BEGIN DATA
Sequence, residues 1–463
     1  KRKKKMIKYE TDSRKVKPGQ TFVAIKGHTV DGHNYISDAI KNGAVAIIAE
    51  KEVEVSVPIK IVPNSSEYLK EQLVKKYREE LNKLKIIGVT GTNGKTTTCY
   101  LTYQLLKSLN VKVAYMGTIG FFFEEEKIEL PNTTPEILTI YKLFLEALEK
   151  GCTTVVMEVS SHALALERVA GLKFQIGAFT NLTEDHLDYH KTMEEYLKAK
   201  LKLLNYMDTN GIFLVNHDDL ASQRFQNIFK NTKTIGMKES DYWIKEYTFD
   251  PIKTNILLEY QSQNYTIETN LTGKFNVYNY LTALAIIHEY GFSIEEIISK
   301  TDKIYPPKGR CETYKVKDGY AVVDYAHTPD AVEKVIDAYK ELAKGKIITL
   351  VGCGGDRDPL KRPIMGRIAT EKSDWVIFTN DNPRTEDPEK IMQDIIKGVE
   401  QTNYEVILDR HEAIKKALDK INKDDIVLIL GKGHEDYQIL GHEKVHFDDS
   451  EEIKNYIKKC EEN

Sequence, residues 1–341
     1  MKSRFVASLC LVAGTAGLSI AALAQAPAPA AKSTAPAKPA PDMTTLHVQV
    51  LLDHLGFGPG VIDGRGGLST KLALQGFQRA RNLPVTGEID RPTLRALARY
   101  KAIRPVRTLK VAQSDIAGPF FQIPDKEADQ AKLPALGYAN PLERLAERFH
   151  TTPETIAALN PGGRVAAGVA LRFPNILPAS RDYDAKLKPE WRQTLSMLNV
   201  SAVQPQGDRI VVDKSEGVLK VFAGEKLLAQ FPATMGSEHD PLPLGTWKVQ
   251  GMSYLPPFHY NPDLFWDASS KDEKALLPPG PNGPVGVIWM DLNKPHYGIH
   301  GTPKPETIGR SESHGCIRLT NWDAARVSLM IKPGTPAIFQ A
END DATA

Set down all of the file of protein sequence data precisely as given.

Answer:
Sequence, residues 1–463
     1  KRKKKMIKYE TDSRKVKPGQ TFVAIKGHTV DGHNYISDAI KNGAVAIIAE
    51  KEVEVSVPIK IVPNSSEYLK EQLVKKYREE LNKLKIIGVT GTNGKTTTCY
   101  LTYQLLKSLN VKVAYMGTIG FFFEEEKIEL PNTTPEILTI YKLFLEALEK
   151  GCTTVVMEVS SHALALERVA GLKFQIGAFT NLTEDHLDYH KTMEEYLKAK
   201  LKLLNYMDTN GIFLVNHDDL ASQRFQNIFK NTKTIGMKES DYWIKEYTFD
   251  PIKTNILLEY QSQNYTIETN LTGKFNVYNY LTALAIIHEY GFSIEEIISK
   301  TDKIYPPKGR CETYKVKDGY AVVDYAHTPD AVEKVIDAYK ELAKGKIITL
   351  VGCGGDRDPL KRPIMGRIAT EKSDWVIFTN DNPRTEDPEK IMQDIIKGVE
   401  QTNYEVILDR HEAIKKALDK INKDDIVLIL GKGHEDYQIL GHEKVHFDDS
   451  EEIKNYIKKC EEN

Sequence, residues 1–341
     1  MKSRFVASLC LVAGTAGLSI AALAQAPAPA AKSTAPAKPA PDMTTLHVQV
    51  LLDHLGFGPG VIDGRGGLST KLALQGFQRA RNLPVTGEID RPTLRALARY
   101  KAIRPVRTLK VAQSDIAGPF FQIPDKEADQ AKLPALGYAN PLERLAERFH
   151  TTPETIAALN PGGRVAAGVA LRFPNILPAS RDYDAKLKPE WRQTLSMLNV
   201  SAVQPQGDRI VVDKSEGVLK VFAGEKLLAQ FPATMGSEHD PLPLGTWKVQ
   251  GMSYLPPFHY NPDLFWDASS KDEKALLPPG PNGPVGVIWM DLNKPHYGIH
   301  GTPKPETIGR SESHGCIRLT NWDAARVSLM IKPGTPAIFQ A